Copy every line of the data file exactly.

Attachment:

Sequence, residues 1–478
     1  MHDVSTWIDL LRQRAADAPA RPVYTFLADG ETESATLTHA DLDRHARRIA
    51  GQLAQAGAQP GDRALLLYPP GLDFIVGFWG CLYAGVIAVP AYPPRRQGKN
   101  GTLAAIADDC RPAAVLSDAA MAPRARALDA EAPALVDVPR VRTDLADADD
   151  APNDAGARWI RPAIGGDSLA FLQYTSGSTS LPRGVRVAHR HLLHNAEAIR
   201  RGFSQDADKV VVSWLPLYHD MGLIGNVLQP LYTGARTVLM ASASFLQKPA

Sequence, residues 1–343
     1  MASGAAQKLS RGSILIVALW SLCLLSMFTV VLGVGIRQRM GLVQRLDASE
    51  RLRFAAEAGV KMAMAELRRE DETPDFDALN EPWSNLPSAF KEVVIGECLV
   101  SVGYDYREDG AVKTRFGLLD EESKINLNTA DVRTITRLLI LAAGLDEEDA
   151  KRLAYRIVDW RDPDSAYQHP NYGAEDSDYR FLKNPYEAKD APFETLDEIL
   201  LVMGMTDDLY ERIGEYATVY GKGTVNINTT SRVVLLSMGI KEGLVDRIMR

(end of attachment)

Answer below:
Sequence, residues 1–478
     1  MHDVSTWIDL LRQRAADAPA RPVYTFLADG ETESATLTHA DLDRHARRIA
    51  GQLAQAGAQP GDRALLLYPP GLDFIVGFWG CLYAGVIAVP AYPPRRQGKN
   101  GTLAAIADDC RPAAVLSDAA MAPRARALDA EAPALVDVPR VRTDLADADD
   151  APNDAGARWI RPAIGGDSLA FLQYTSGSTS LPRGVRVAHR HLLHNAEAIR
   201  RGFSQDADKV VVSWLPLYHD MGLIGNVLQP LYTGARTVLM ASASFLQKPA

Sequence, residues 1–343
     1  MASGAAQKLS RGSILIVALW SLCLLSMFTV VLGVGIRQRM GLVQRLDASE
    51  RLRFAAEAGV KMAMAELRRE DETPDFDALN EPWSNLPSAF KEVVIGECLV
   101  SVGYDYREDG AVKTRFGLLD EESKINLNTA DVRTITRLLI LAAGLDEEDA
   151  KRLAYRIVDW RDPDSAYQHP NYGAEDSDYR FLKNPYEAKD APFETLDEIL
   201  LVMGMTDDLY ERIGEYATVY GKGTVNINTT SRVVLLSMGI KEGLVDRIMR